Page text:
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Politics Ottawa unlikely to send Quebec's face-covering law to top court

Legal experts say it would be easier to gauge the impact of Bill 62 on individuals through a court challenge that is set to be heard by the Quebec Superior Court, where Muslim women will be appearing as witnesses.

Ryan Remiorz/THE CANADIAN PRESS

Ottawa is unlikely to pre-emptively refer Quebec's controversial face-covering law to the Supreme Court, where little evidence could be presented on Bill 62's actual impact on individual Muslim women, federal officials said.

Senior government sources said all options are still on the table, but that Ottawa is likelier to intervene in a coming court challenge than refer the matter to the Supreme Court for an immediate ruling on the law's constitutionality.

Prime Minister Justin Trudeau raised both of these options over the weekend as he continued to denounce the law that calls on Quebeckers to show their face when giving or receiving services in places such as libraries, university classrooms, daycares and on buses. Critics of the legislation have denounced the fact it affects Muslim women who cover their faces, with Mr. Trudeau stating governments shouldn't tell women what to wear.

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Read more: 'It's going to encourage more hate': Women in Quebec who wear niqab speak out against Bill 62

Read more: How will Quebec's Bill 62 work? What we know (and don't) so far

The quickest way to have a formal ruling on the constitutionality of the law would be to refer the matter directly to the Supreme Court. Still, federal officials and experts said a Supreme Court reference would feature more of a theoretical debate among lawyers on the constitutionality of Bill 62 than an actual exploration of the law's effect on citizens.

"It's difficult to get to the bottom of a question by looking at it in theory. It's much better to look at the case in practical terms," said a senior federal official, who spoke on condition of anonymity to discuss the government's current thinking on the file.

Experts said it would be easier to gauge the impact of the law on individuals through the court challenge that is set to be heard by the Quebec Superior Court, where Muslim women will be appearing as witnesses.

"In a reference [to the Supreme Court], you don't have testimony or evidence on the actual impact on people and any limits to their rights and freedoms," retired Supreme Court justice Louis LeBel, who is now in private practice, said in an interview. "What you get to look at are legal and intellectual issues and the law's overall impact on society."

Supreme Court references have sporadically been used by the federal government over the years to gain clarity on issues such as a province's right to unilateral secession. The Harper government also relied on the process in 2013 to determine the constitutionality of possible reforms to the Senate.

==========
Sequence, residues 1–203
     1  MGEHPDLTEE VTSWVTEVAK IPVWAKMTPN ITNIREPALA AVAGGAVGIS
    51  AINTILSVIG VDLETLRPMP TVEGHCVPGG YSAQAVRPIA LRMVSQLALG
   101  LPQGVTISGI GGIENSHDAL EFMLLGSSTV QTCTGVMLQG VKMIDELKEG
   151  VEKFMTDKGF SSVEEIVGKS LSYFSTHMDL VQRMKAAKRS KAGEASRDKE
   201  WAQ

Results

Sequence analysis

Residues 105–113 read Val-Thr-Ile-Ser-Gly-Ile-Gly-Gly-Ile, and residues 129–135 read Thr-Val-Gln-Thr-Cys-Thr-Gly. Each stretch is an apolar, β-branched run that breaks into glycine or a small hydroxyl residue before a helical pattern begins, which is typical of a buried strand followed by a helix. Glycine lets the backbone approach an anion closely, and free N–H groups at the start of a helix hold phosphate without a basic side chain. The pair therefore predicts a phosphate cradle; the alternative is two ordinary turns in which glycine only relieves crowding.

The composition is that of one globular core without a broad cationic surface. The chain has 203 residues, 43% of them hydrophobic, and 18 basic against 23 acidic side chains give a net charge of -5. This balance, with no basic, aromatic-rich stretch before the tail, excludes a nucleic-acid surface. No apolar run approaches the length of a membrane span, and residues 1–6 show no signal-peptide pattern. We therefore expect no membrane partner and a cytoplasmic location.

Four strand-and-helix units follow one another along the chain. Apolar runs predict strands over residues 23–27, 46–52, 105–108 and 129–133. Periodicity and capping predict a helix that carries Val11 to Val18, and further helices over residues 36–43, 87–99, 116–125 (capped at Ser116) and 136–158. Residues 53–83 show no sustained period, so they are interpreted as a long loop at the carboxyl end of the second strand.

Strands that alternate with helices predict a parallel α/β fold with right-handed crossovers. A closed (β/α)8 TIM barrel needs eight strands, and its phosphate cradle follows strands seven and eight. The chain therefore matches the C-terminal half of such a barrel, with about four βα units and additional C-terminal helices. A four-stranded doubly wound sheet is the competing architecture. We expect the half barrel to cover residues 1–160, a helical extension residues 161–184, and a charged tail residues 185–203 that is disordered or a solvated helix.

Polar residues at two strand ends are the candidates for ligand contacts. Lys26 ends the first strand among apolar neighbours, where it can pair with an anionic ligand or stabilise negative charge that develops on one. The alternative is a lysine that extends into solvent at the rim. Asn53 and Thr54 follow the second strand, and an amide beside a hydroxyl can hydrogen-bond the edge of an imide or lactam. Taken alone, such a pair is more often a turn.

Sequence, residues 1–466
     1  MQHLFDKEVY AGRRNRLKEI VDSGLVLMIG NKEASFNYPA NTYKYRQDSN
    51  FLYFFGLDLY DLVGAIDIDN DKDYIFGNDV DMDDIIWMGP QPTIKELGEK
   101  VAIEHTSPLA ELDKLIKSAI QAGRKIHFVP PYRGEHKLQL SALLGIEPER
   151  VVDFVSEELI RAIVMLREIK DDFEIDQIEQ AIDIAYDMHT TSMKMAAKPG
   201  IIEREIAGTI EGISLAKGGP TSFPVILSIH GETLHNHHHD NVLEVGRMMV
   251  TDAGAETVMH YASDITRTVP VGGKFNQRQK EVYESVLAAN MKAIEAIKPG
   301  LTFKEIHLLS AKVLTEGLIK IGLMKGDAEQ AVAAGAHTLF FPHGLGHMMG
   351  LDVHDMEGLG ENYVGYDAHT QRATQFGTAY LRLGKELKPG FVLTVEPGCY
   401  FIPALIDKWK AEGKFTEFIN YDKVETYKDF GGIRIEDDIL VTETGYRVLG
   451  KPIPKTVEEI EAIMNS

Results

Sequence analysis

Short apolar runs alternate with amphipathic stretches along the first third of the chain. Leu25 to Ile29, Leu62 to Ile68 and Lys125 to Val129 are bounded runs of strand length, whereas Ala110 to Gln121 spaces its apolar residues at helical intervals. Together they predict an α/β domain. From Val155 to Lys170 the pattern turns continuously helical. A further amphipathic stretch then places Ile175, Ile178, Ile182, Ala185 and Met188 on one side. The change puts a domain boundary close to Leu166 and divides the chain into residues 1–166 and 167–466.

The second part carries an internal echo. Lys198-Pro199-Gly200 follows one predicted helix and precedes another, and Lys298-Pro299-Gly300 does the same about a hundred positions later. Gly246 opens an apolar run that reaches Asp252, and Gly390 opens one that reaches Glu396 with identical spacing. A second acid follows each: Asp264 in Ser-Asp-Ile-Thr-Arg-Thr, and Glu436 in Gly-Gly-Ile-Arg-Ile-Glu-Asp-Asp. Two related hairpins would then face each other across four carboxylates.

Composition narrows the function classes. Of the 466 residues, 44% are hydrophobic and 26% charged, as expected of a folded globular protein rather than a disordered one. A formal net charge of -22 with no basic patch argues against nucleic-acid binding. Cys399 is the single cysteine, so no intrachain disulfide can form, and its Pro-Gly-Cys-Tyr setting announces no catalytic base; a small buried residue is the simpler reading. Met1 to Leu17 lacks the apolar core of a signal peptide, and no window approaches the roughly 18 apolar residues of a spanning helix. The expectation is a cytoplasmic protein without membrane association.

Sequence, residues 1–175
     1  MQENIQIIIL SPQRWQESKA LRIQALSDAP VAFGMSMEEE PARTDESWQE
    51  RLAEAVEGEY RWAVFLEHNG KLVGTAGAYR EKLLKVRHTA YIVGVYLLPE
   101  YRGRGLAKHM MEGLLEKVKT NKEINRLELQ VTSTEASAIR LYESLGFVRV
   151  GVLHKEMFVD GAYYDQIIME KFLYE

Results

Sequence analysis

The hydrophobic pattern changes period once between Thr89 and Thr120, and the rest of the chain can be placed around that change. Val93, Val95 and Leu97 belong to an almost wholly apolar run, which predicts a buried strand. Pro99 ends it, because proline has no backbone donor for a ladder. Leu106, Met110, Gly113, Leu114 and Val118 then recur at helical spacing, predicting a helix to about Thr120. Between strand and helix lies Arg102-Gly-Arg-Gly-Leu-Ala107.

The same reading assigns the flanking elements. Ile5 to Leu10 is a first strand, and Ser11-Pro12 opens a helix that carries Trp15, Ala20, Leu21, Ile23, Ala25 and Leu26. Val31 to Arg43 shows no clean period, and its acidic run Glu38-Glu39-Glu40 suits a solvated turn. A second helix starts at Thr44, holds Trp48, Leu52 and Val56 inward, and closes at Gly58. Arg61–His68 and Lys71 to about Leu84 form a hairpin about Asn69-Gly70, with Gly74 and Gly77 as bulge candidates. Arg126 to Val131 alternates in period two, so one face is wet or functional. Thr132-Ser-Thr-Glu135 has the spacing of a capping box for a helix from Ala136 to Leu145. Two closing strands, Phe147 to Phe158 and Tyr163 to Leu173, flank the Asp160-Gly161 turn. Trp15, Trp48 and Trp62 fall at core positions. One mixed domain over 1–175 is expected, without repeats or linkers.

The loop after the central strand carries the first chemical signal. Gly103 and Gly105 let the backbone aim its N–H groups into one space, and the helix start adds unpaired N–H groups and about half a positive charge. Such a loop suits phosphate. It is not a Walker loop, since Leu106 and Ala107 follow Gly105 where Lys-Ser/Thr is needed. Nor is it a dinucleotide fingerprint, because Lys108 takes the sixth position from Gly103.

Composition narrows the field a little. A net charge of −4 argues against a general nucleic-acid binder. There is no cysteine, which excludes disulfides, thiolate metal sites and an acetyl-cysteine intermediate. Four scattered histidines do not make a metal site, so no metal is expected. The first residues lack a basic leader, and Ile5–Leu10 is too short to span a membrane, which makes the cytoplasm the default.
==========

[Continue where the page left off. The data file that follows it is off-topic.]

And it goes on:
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Daniel Proulx, a professor of constitutional law at the University of Sherbrooke, said sending Quebec's face-covering law to the Supreme Court would be seen as an affront to the provincial government.

"A reference would be a frontal attack," he said. "In my view, the federal government will intervene in the court challenge. … It would be less confrontational."

There has been heated debate across Canada in recent weeks on the federal government's proper response to Bill 62, which aims to promote "religious neutrality" in Quebec. The NDP and a number of Liberal MPs have said Ottawa should let the debate play out at the provincial level, while others have argued for a strong federal intervention.

Earlier this month, the National Council of Canadian Muslims and Canadian Civil Liberties Association launched a court challenge in Quebec Superior Court, seeking to suspend the application of the section dealing with uncovering one's face until a full constitutional challenge is heard.

There will be a first hearing on the application for a stay on Friday. A federal observer will be in the room to monitor the process, but federal lawyers will not get involved in the groups' request to suspend the application of the law, sources said.

A federal official said Ottawa has yet to decide whether to intervene in the challenge, and if it does, at which stage of the process federal lawyers would make their case.

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"If you decide to intervene, when do you intervene? Right now? At the appeal stage? Or do you wait until you are at the Supreme Court?" the official said. "There is no rule, no magic recipe."

On Saturday, Mr. Trudeau said his government is closely monitoring the application of the law adopted by the Quebec National Assembly last month.

"We're listening to the questions being asked about it and, internally, we're in the process of studying the different processes we could initiate or that we could join," he said.

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